Cause and Effect or 'If, Then' Relationships

A good experimental hypothesis can be written as an if, then statement to establish cause and effect on the variables. If you make a change to the independent variable, then the dependent variable will respond. Here's an example of a hypothesis:

If you increase the duration of light, (then) corn plants will grow more each day.

The hypothesis establishes two variables, length of light exposure, and the rate of plant growth. An experiment could be designed to test whether the rate of growth depends on the duration of light. The duration of light is the independent variable, which you can control in an experiment . The rate of plant growth is the dependent variable, which you can measure and record as data in an experiment.

Key Points of Hypothesis

When you have an idea for a hypothesis, it may help to write it out in several different ways. Review your choices and select a hypothesis that accurately describes what you are testing.

  • Does the hypothesis relate an independent and dependent variable? Can you identify the variables?
  • Can you test the hypothesis? In other words, could you design an experiment that would allow you to establish or disprove a relationship between the variables?
  • Would your experiment be safe and ethical?
  • Is there a simpler or more precise way to state the hypothesis? If so, rewrite it.

What If the Hypothesis Is Incorrect?

It's not wrong or bad if the hypothesis is not supported or is incorrect. Actually, this outcome may tell you more about a relationship between the variables than if the hypothesis is supported. You may intentionally write your hypothesis as a null hypothesis or no-difference hypothesis to establish a relationship between the variables.

For example, the hypothesis:

The rate of corn plant growth does not depend on the duration of light.

This can be tested by exposing corn plants to different length "days" and measuring the rate of plant growth. A statistical test can be applied to measure how well the data support the hypothesis. If the hypothesis is not supported, then you have evidence of a relationship between the variables. It's easier to establish cause and effect by testing whether "no effect" is found. Alternatively, if the null hypothesis is supported, then you have shown the variables are not related. Either way, your experiment is a success.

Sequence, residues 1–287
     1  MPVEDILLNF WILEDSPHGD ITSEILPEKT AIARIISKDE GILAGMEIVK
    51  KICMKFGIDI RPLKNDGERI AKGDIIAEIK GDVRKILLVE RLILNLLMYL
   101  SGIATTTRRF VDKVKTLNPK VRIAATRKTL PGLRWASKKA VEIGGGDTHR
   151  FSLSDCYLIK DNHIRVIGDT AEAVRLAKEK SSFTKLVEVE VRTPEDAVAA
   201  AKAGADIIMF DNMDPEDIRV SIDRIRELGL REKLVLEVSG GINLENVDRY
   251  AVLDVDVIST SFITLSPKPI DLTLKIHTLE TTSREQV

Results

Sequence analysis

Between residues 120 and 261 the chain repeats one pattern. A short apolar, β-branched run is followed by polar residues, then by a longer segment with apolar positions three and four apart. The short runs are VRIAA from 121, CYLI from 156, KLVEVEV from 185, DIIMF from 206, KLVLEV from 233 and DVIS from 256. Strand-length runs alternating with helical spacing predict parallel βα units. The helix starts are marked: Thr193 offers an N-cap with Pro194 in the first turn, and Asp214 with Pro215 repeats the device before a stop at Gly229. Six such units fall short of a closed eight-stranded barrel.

Need more examples of how to write a hypothesis ? Here you go:

  • If you turn out all the lights, you will fall asleep faster. (Think: How would you test it?)
  • If you drop different objects, they will fall at the same rate.
  • If you eat only fast food, then you will gain weight.
  • If you use cruise control, then your car will get better gas mileage.
  • If you apply a top coat, then your manicure will last longer.
  • If you turn the lights on and off rapidly, then the bulb will burn out faster.
  • Null Hypothesis Examples
  • Examples of Independent and Dependent Variables
  • Difference Between Independent and Dependent Variables
  • Null Hypothesis Definition and Examples
  • Six Steps of the Scientific Method
  • What Is a Hypothesis? (Science)
  • Understanding Simple vs Controlled Experiments
  • The Role of a Controlled Variable in an Experiment
  • Dependent Variable Definition and Examples
  • How To Design a Science Fair Experiment
  • Independent Variable Definition and Examples
  • Scientific Method Vocabulary Terms
  • Scientific Method Flow Chart
  • Definition of a Hypothesis
  • Scientific Variable

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Hypothesis Testing | A Step-by-Step Guide with Easy Examples

Published on November 8, 2019 by Rebecca Bevans . Revised on June 22, 2023.

Hypothesis testing is a formal procedure for investigating our ideas about the world using statistics . It is most often used by scientists to test specific predictions, called hypotheses, that arise from theories.

There are 5 main steps in hypothesis testing:

  • State your research hypothesis as a null hypothesis and alternate hypothesis (H o ) and (H a  or H 1 ).
  • Collect data in a way designed to test the hypothesis.
  • Perform an appropriate statistical test .
  • Decide whether to reject or fail to reject your null hypothesis.
  • Present the findings in your results and discussion section.

Though the specific details might vary, the procedure you will use when testing a hypothesis will always follow some version of these steps.

Table of contents

Step 1: state your null and alternate hypothesis, step 2: collect data, step 3: perform a statistical test, step 4: decide whether to reject or fail to reject your null hypothesis, step 5: present your findings, other interesting articles, frequently asked questions about hypothesis testing.

After developing your initial research hypothesis (the prediction that you want to investigate), it is important to restate it as a null (H o ) and alternate (H a ) hypothesis so that you can test it mathematically.

The alternate hypothesis is usually your initial hypothesis that predicts a relationship between variables. The null hypothesis is a prediction of no relationship between the variables you are interested in.

  • H 0 : Men are, on average, not taller than women. H a : Men are, on average, taller than women.

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For a statistical test to be valid , it is important to perform sampling and collect data in a way that is designed to test your hypothesis. If your data are not representative, then you cannot make statistical inferences about the population you are interested in.